Healthy Prairies Project

Healthy Prairies Project: Prairie Sustainability through Seed Storage, Beneficial Microbes, and Adaptation

Photo by John Benning

Minnesota’s prairies once covered approximately 18 million acres; now, less than 1% remains. As prairie plant populations have decreased and become fragmented, genetic diversity has declined. This may impact the capacity of prairie plant species to adapt to rapid environmental change. Increasingly, society recognizes that prairies provide valuable ecosystem services; consequently, there is growing demand for prairie restoration. However, restorations require large amounts of seed, as well as research on the local adaptation and genetic variation in prairie plant species.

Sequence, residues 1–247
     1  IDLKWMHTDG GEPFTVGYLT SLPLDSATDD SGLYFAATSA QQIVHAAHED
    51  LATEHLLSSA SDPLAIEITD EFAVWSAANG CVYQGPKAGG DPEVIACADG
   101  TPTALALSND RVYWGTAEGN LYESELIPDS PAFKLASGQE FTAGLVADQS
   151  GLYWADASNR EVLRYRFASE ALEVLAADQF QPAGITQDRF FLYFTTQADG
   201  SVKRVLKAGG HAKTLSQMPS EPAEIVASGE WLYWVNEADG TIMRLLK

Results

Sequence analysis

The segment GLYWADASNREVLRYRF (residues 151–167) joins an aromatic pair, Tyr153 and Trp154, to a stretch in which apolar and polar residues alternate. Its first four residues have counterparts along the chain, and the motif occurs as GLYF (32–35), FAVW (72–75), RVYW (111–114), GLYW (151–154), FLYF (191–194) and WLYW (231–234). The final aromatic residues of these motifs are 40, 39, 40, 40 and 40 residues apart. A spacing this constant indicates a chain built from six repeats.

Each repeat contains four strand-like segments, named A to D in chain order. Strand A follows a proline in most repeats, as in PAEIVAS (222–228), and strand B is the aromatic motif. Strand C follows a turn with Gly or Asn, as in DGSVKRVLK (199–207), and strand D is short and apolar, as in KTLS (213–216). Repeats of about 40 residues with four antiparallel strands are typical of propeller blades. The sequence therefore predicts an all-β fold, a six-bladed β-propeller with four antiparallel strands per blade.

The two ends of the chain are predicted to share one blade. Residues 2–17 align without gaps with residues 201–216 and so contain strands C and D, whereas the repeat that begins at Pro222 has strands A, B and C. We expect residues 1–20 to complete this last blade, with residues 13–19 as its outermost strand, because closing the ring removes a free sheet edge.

The Healthy Prairies project involves large-scale seed collection from native prairies in Minnesota, as efforts to collect and preserve the genetic diversity of native plants are essential both to avert their loss altogether and to support prairie restoration. In addition, the Project experimentally addresses the following questions:

  • Which microbes are present in native prairie plants and do those microbes help plants to become locally adapted?
  • What is the geographic scale of local adaptation in prairie plant species and do “home” populations perform better than “away” populations when grown in a common environment?
  • What is the extent of genetic variation in target prairie plant species? This variation determines adaptive capacity and must be determined experimentally.

The current project workplan is available here (the 2014-2017 workplan is available here). The Healthy Prairies Project is actively recruiting undergraduate researchers, through the Undergraduate Research Opportunities Program and the University Honors Program.

Funded by: Minnesota Environment and Natural Resources Trust Fund as recommended by the Legislative‐Citizen Commissionon Minnesota Resources (LCCMR)

Principal investigators: Ruth Shaw, Georgiana May, and Margaret Kuchenreuther